Amazon Says Employee Error Caused Tuesday's Cloud OutageBy
Worker took down too many servers while fixing billing system
Company pledges to make several changes to avoid recurrence
Amazon.com Inc. said a human error at its cloud business caused sweeping outages across the internet for several hours earlier this week.
Amazon said efforts to fix a billing system bug caused prolonged disruptions Tuesday. An Amazon Web Services employee working on the issue accidentally switched off more computer servers than intended at 9:37 a.m. Seattle time, resulting in errors that cascaded through the company’s S3 service, Amazon said in a statement Thursday. S3 is used to house data, manage apps and software downloads by nearly 150,000 sites, including ESPN.com and aol.com, according to SimilarTech.com.
A major failure from what appears to be a minor maintenance procedure highlights that AWS, and the cloud computing industry in general, still have some maturing to do, said Ed Anderson, an analyst at Gartner Inc.
"The fact that an incorrect keyboard entry could bring down an entire region shows they have some operational issues," Anderson said. "Even though they are the world’s biggest cloud provider, they still have some work to do to refine their processes."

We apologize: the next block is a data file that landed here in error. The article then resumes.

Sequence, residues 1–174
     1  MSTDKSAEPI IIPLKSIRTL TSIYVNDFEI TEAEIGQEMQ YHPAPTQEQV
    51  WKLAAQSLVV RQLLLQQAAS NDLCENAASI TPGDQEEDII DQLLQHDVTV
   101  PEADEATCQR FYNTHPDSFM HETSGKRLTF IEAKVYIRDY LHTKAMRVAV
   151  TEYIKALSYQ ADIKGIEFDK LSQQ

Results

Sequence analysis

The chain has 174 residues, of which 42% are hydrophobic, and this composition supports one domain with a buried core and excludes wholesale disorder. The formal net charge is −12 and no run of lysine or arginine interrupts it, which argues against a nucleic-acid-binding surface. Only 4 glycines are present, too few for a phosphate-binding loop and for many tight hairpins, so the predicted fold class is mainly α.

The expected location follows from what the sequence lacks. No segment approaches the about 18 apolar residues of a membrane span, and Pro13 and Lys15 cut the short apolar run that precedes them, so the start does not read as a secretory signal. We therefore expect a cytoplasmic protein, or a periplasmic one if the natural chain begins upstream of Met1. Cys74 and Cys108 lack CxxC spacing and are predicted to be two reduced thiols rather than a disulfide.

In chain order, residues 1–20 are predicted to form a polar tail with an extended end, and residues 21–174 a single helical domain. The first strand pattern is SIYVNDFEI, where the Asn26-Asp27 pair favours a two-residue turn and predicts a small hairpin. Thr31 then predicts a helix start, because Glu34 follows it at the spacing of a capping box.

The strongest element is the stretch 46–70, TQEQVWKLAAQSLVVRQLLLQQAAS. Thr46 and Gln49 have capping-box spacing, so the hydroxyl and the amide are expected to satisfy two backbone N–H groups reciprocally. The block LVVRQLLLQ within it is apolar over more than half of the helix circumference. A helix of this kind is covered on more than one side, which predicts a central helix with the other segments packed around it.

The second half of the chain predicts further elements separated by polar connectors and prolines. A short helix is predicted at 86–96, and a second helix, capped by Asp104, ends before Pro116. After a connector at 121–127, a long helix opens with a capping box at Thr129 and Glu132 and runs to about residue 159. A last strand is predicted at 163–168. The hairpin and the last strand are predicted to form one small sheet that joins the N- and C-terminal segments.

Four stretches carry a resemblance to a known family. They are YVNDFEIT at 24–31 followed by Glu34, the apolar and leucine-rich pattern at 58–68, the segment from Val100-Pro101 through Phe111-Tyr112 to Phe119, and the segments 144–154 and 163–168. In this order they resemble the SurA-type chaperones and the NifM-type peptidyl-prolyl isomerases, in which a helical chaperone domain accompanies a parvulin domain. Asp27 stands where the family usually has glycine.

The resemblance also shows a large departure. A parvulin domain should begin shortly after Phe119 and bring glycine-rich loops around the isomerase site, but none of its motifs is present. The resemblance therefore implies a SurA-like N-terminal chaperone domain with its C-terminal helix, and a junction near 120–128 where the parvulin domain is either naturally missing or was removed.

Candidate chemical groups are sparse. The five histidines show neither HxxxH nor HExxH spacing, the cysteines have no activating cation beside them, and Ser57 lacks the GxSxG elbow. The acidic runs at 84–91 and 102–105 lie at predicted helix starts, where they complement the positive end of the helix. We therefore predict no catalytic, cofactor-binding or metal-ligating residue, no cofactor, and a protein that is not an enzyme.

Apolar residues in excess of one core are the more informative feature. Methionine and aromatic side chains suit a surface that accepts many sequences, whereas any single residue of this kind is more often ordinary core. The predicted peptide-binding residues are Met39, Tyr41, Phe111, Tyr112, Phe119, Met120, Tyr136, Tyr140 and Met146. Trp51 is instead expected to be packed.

Amazon said it is "making several changes as a result of this operational event."
"While removal of capacity is a key operational practice, in this instance, the tool used allowed too much capacity to be removed too quickly. We have modified this tool to remove capacity more slowly and added safeguards to prevent capacity from being removed when it will take any subsystem below its minimum required capacity level," the company said.
AWS has data centers around the world that handle the computing power for many large companies, such as Netflix Inc. and Capital One Corp. Amazon and competitors like Microsoft Corp. and Alphabet Inc.’s Google are growing their cloud businesses as customers find it more efficient to shift their data storage and computer processes to the cloud rather than maintaining those functions on their own. Widespread adoption also increases the likelihood that problems with one service can have sweeping ramifications online.
Despite the incident, AWS is a reliable service and most customers affected by the outage will forgive and forget, Anderson said.
"AWS has a pretty good track record of being up and reliable," he said. "This outage was an anomaly, not part of a standard pattern."